After 28 months of rulemaking, court action, and meetings with industry officials, the EPA issued its Final Emissions Limits for Portland Cement Manufacturing, citing prospective mercury, hydrochloric acid, particulate matter and total hydrocarbon level reductions from 82-93 percent against agency thresholds leading into 2010.
The revised rule has a September 2015 compliance target for separate existing and new cement kiln standards. It will maintain important health benefits, EPA contends, while reducing cement operators’ cost of compliance by $52 million compared to the estimated costs of adopting an original August 2010 rule.
“PCA welcomes the revised portland cement NESHAP final rule. It will provide the industry additional time to complete the planning, engineering, permitting, testing and construction of the various new technologies that will be necessary to implement the revised standards,” PCA noted in a late-December statement on the final rule. “[The] rule strikes the right balance in establishing compliance limits that, while still extremely challenging, are now realistic and achievable. PCA and EPA agreed that the revised standards and reset compliance period are essential to preserving jobs at domestic cement facilities, providing direct support for an American manufacturing industry that is critical to our nation’s infrastructure.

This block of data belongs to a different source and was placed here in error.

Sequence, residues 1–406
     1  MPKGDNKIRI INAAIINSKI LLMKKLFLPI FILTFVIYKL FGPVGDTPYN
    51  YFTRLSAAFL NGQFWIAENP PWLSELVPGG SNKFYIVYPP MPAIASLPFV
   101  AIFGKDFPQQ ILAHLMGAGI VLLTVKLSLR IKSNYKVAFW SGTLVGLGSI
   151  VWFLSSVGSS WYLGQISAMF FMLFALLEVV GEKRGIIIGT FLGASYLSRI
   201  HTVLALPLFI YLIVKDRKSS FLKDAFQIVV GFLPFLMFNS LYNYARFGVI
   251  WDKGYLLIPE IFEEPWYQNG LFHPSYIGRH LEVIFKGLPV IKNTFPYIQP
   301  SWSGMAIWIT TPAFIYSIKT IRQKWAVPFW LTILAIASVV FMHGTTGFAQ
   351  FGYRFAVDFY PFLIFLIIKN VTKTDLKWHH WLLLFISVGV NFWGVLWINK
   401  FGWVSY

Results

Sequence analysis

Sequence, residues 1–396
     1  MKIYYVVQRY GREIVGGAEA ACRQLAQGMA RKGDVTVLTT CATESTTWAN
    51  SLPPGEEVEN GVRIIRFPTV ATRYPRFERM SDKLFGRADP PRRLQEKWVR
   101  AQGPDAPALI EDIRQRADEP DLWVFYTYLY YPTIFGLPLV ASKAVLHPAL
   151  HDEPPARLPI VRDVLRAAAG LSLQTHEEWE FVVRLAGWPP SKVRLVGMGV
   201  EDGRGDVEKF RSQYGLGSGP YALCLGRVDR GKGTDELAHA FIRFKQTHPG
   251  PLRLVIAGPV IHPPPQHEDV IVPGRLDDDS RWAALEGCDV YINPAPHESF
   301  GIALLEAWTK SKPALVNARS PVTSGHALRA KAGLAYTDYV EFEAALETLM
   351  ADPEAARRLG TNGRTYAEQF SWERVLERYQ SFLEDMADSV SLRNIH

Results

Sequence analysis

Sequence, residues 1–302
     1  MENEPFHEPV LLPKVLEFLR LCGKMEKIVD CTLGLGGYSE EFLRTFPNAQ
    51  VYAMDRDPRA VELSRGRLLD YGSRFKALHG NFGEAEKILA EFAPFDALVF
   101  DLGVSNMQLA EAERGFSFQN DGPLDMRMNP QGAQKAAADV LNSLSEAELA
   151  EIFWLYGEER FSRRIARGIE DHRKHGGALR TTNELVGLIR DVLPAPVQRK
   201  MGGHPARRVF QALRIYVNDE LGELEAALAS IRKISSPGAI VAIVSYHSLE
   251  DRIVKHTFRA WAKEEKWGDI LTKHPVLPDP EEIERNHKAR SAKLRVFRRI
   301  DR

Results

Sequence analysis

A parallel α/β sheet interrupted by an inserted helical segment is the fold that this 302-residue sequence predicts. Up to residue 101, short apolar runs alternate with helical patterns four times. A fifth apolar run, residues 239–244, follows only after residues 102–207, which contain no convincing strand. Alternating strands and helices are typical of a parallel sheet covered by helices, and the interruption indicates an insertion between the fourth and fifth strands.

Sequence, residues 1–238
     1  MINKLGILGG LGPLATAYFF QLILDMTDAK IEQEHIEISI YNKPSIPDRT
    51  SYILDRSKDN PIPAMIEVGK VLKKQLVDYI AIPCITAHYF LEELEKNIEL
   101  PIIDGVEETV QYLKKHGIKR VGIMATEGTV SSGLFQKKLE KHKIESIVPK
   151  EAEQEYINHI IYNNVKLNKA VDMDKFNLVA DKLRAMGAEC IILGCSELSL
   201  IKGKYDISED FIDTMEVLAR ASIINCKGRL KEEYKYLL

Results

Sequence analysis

“PCA supports meeting the demand for portland cement through environmentally and socially responsible business practices, which have been implemented for decades by our member companies in their local communities. The industry has invested in technology to reduce air emissions, minimize waste production, recycle and recover inputs, enhance energy efficiency and conserve natural resources – all the while producing a reliable and affordable supply of building materials to support our economy.”
PCA and EPA observations, coupled with the new rule’s sharply lower emissions benchmarks, proved insufficient for the Sierra Club-aligned Earthjustice law firm and activist groups from six states, which responded to the agency’s announcement with a litany of grievances under the heading, “Christmas Comes Early for Cement Industry.”